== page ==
January 10, 1917, is the birth date of Jerry Wexler, the American record executive and producer who brought the music of black Americans – artists like Aretha Franklin, Ray Charles and Otis Redding – to the white, American mainstream. It was Wexler who, as a young music journalist, coined the name “rhythm and blues” to describe the music he championed, and who then went on to join Ahmet Ertegun in giving that music a home at Atlantic Records.
Gerald Wexler was born in the Bronx, New York, and raised in northern reaches of Manhattan, in Washington Heights, a decade before construction had begun on the George Washington Bridge connecting the neighborhood to New Jersey. His father, Harry Wexler, was a Polish-born Jew who never advanced beyond his work as a window washer; his mother, Elsa Spitz, was a German Jew who was convinced she had married beneath her station, and who pushed her son to achieve more than her husband ever did.
In his 1993 autobiography, “Rhythm and the Blues,” Wexler described his bar mitzvah training, which began in a Reform synagogue, with “Rabbi Lux, a handsome American hunk,” but ended, after pressure from his father’s family, at an Orthodox shul, where “I was brutalized by a long-bearded, garlic-reeking sadistic melamed who used his ruler to deconstruct my antipathy for Hebrew.” Though the experience contributed to Wexler’s lifelong conviction as an atheist, he admits that “I actually took pleasure writing about Moses and Joseph and the Old Testament prophets.”
From Aretha Franklin to Led Zeppelin
After high school, several false starts at college, and army service in the U.S. during World War II, Wexler studied journalism in Manhattan – Manhattan, Kansas – at Kansas State University. Returning to New York after graduation, he began working as a reporter at Billboard, the weekly paper of the recorded-music industry, in 1949. It was there, after an editor asked his staff to come up with a better name for black music than “Race Records,” that Wexler suggested “Rhythm and Blues.” It took immediately.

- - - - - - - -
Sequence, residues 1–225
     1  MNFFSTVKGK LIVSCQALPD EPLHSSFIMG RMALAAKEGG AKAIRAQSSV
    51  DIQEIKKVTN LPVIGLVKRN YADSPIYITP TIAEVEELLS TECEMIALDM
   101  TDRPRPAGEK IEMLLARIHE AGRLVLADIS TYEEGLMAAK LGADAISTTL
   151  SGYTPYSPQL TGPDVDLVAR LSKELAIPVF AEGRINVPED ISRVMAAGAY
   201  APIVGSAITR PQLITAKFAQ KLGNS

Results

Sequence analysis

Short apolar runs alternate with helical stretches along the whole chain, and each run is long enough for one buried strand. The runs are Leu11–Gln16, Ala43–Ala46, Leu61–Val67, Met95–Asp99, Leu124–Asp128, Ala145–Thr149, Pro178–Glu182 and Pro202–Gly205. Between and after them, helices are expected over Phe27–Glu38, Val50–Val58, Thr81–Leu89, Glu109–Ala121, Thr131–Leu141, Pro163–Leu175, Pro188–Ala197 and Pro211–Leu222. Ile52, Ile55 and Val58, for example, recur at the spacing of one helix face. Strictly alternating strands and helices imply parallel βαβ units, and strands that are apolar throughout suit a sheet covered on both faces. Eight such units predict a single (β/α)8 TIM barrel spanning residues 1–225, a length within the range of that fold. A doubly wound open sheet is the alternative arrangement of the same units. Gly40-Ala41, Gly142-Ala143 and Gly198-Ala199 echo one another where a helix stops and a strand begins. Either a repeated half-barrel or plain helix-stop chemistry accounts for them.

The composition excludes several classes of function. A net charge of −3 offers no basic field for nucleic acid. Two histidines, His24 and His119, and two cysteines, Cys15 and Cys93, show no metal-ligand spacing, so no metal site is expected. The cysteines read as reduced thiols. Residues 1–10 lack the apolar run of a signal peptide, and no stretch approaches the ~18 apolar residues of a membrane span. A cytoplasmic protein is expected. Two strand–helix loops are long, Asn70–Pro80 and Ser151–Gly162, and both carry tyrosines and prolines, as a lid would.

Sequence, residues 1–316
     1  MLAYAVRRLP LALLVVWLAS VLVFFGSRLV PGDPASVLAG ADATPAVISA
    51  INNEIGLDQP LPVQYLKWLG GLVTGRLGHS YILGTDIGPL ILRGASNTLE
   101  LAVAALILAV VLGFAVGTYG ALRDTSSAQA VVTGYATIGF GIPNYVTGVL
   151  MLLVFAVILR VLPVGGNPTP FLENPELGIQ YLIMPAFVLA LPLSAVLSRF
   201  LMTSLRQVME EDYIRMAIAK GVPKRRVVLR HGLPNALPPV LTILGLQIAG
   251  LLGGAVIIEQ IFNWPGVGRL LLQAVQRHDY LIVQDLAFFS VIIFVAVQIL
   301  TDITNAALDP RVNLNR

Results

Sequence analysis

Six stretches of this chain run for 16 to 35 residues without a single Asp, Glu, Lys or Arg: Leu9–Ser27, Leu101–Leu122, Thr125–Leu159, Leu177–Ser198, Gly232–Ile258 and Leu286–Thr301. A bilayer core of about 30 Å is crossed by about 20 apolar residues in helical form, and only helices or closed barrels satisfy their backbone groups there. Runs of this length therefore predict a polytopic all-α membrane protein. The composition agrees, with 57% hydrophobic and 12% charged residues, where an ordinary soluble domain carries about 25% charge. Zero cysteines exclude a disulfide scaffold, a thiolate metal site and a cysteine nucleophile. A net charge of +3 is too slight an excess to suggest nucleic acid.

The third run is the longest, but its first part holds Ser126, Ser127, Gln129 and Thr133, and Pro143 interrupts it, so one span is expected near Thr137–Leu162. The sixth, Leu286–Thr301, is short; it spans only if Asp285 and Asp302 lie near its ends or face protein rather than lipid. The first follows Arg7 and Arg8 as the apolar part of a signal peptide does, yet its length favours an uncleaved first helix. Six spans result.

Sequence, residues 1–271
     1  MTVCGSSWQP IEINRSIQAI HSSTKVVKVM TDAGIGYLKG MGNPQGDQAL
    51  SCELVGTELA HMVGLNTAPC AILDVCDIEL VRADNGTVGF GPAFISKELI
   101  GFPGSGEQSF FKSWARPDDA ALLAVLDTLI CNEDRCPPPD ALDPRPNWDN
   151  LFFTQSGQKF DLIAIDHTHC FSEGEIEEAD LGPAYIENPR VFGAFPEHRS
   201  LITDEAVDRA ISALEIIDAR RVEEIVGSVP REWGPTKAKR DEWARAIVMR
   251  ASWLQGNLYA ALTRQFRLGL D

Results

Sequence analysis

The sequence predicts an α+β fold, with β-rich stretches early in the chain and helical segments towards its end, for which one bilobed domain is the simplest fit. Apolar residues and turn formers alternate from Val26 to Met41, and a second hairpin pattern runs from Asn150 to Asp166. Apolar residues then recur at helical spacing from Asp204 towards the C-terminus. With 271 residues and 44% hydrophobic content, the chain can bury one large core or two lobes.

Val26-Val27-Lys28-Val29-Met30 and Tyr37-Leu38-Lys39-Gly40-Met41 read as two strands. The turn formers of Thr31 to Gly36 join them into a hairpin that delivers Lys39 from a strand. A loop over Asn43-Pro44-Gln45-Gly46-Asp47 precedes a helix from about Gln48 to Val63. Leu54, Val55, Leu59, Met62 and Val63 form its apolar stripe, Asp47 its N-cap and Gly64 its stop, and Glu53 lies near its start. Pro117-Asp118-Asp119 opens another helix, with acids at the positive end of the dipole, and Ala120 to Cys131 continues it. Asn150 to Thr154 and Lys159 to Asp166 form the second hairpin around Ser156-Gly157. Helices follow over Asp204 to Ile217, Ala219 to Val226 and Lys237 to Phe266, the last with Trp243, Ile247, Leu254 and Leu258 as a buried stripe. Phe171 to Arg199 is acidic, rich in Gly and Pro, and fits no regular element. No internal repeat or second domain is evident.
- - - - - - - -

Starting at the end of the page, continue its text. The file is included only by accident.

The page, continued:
When his work came to the attention of Ahmet Ertegun, Wexler received an offer in 1953 to join the Turkish-born music producer at the small new black-music company he had founded in 1947. He remained at Atlantic until 1975, when he went freelance as a producer.
Atlantic already was working with musicians like Joe Turner, Ruth Brown and the Drifters, and had just signed soul pioneer Ray Charles. Wexler took the company deeper into the South, making Atlantic the distributor for Stax Records, in Memphis (the label of Sam & Dave and Otis Redding) and bringing musicians to FAME Studios in Muscle Shoals, Alabama, to record.
Aretha Franklin was probably the greatest star Wexler brought to Muscle Shoals. Signing her in 1966, after she was dropped by Columbia Records, Wexler urged Franklin “to drop the Judy Garland cabaret act,” as Rolling Stone’s Ashley Kahn wrote in an obituary for the producer, and to sing the way she had been taught to in her father’s church.
Although never especially interested in rock music, Wexler also brought such acts as the Allman Brothers and Led Zeppelin to Atlantic. He was one of the first music executives to go into the studio during recording sessions, and, though he was not a trained musician, he became a skilled producer himself. (When he brought Dusty Springfield from the U.K. to record in Memphis, her contract stipulated that he would produce the sessions.)
Atlantic was bought by Warner Brothers in 1967, and while Ertegun remained with the company, Wexler, who had pushed for the deal, later told journalist Ashley Kahn that it was the “worst thing we ever did,” mainly because he had under-anticipated the value of the company. He left Atlantic in 1975, but continued producing music until his retirement, in the late 1990s. Acts he worked with in those years included Linda Ronstadt, Carlos Santana, Dire Straits and Bob Dylan, whose 1979 “Slow Train Coming” he produced.
Wexler later recalled to an interviewer how he hadn’t realized until he and Dylan began their work that the Jewish musician “was on this born-again Christian trip” until Dylan “started to evangelize me.” He finally told him, “'Bob, you're dealing with a sixty-two-year-old confirmed Jewish atheist. I'm hopeless. Let's just make an album.”
Jerry Wexler lived in happy retirement in Sarasota, Florida, until his death, of heart congestion, on August 15, 2008.